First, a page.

Expert Advice: What To Expect After Your Preemie Delivery

premature babies what to expect

You never expect to give birth prematurely. When it happens, it’s difficult to know where to turn.

What should you ask the doctor? How do you prepare for the first few months of your tiny baby’s life?

To answer these questions and more, we turned to Jennifer Beatty, LMSW and Program Director of Hand to Hold.

Hand to Hold is a non-profit organization that provides comprehensive resources and support to parents of preemies, babies born with special health care needs and those who have experienced a loss due to complications.

Jennifer BeattyAfter giving birth early, it can be overwhelming and difficult to know what to do next. Do you have any words of advice for new parents who just gave birth to a preemie?

My best advice is not to get so overwhelmed that you forget that you are a new mom/dad.  Although your entrance into the parenting world wasn’t what you planned or dreamed of, you have arrived regardless.

Don’t forget to look past the wires, tubes, monitors to see your precious baby. Focus on each tiny finger and toe.  Celebrate and look for the positives in every day.  Allow yourself to fall in love and ask to be engaged in their care as soon as possible.

Don’t be afraid! If the nurse can do it… so can you!

What feelings are “normal” for moms who deliver early?

There is not a feeling that isn’t normal after an early delivery.  And they can all happen within seconds of each other.

Sad, happy, fear, loss, denial, love, numb, anger, peace, joy, regret, anxious, frustration, confused, overwhelmed, terrified, alone, “normal”… there are truly no feelings that would be out of the ordinary.

What are some important questions to ask your doctor?

Anything you don’t understand.  There will be a lot of information and terms that are completely new to you.  Be sure you ask them to repeat or write down anything you have questions about.

One of the best questions I always try to ask is… what am I not asking that I should be?  Also, be sure to ask when you can start being involved in your baby’s care.

Every baby’s situation is different. But as soon as they are ready, you will want to jump in and be the one changing the diaper, taking the temperature, doing kangaroo care, bathing and any other tasks that you can.  This is so important for you as a parent to be involved and to help establish your bond with your baby.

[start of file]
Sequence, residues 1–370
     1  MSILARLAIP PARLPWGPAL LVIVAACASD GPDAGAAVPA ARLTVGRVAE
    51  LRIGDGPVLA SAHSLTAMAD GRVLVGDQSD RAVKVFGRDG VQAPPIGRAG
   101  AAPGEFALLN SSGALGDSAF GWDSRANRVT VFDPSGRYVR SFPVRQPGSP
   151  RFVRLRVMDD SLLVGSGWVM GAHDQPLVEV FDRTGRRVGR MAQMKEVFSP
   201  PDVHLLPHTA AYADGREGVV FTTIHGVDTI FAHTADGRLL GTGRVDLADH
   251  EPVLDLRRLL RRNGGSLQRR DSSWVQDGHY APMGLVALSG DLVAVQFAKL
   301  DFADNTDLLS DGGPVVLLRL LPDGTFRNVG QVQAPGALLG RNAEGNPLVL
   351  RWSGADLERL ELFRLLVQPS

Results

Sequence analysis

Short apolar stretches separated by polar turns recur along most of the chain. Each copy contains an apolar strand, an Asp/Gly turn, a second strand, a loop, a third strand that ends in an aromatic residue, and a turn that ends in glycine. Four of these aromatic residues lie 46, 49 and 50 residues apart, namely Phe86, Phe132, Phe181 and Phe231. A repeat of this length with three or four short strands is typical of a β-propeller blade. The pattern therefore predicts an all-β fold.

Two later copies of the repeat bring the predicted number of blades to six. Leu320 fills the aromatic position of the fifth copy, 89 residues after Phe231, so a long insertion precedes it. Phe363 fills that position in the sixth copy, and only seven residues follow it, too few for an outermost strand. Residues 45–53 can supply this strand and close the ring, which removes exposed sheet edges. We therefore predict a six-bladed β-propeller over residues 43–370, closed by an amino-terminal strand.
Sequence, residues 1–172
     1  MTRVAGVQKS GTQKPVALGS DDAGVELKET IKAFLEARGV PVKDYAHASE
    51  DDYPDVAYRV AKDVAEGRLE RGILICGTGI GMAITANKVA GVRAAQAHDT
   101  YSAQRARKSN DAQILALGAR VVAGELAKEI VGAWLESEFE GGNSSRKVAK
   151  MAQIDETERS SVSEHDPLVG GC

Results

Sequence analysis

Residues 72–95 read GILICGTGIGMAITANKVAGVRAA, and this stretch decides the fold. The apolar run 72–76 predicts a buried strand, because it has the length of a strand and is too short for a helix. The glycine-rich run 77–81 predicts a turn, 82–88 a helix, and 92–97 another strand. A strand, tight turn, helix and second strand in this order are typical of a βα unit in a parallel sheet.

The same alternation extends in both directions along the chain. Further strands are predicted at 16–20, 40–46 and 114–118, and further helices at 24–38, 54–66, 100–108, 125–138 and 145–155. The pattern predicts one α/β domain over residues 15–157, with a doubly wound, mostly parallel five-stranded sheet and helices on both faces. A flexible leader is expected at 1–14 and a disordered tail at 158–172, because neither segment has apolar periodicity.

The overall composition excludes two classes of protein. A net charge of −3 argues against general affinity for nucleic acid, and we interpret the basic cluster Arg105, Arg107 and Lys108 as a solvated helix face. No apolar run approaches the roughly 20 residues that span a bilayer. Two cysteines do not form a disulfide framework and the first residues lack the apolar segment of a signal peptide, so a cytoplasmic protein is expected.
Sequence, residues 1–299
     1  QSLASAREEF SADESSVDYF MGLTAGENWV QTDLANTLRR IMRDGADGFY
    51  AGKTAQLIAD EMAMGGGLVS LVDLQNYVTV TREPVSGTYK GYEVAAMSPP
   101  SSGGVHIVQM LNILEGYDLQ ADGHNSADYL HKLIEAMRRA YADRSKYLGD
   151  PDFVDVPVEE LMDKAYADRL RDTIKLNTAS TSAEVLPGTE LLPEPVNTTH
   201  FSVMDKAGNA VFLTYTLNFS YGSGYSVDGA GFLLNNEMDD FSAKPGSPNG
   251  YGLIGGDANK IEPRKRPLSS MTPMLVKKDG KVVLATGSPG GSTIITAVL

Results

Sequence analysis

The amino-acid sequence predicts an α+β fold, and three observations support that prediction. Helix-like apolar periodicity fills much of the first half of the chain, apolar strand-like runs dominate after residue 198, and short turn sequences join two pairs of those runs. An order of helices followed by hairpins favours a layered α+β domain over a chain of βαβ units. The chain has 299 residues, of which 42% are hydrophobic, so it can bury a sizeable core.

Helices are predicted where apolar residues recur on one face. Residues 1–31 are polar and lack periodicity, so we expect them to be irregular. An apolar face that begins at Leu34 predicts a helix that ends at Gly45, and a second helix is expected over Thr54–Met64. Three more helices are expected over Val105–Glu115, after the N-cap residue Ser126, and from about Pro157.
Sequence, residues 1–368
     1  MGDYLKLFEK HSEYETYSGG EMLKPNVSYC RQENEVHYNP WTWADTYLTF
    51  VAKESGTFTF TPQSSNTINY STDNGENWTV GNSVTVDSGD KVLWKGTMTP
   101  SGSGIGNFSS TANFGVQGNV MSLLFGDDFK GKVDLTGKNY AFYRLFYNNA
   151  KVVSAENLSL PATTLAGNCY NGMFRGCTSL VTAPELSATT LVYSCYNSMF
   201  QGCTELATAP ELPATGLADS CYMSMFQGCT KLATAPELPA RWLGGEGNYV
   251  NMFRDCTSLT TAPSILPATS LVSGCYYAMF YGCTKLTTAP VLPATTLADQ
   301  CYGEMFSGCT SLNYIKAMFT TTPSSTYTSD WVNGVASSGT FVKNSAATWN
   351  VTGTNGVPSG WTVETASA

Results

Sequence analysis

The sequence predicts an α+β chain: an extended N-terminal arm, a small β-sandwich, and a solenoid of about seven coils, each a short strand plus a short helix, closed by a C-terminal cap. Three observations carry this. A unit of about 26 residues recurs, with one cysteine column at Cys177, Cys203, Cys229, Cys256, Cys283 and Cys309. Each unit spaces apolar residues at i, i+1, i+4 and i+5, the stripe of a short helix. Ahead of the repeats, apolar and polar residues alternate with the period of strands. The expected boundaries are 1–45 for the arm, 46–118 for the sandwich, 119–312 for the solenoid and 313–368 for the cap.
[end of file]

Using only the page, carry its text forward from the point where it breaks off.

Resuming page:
What kinds of special situations should preemie parents prepare for?

Have a designated person to keep your family and friends informed about your baby’s progress.  It is taxing to repeat the story over and over and can lead to depression as you focus on the negatives and exhaust yourself.

Keeping a journal with your baby’s journey as well as your thoughts and emotions is a healthy way to keep track of all the events and makes a great keepsake years later when looking back and the memories are all a blur.

Finding a qualified caregiver is tough and depends on your baby’s situation. Care in your own home is often ideal as NICU babies immune systems are often compromised for the first several years. Talking with caregivers and making sure they are aware of your special circumstances is the best course of action.

Finding a support group, in person or online, is an ideal way to deal with the ongoing social and emotional effects of the NICU journey.  Post-partum depression and anxiety as well as PTSD can affect parents up to two years or longer after a preterm birth and NICU stay.

Finding a community of peers with similar journeys has been proven to reduce the chances of these occurring.  Be sure to talk with your doctor if you feel depressed or if you are unable to function normally.

Including your group, where do you recommend preemie parents turn for advice, products and resources?

An online search for preemie parent or NICU stay can turn up numerous resources and articles.  Some of my favorites are HealthyChildren.org, PreemieHelp.com, EveryTinyThing.com, PostPartumProgress.com, and PostPartum.net.

Have you given birth early? We’d love to hear your story. Share it with us here

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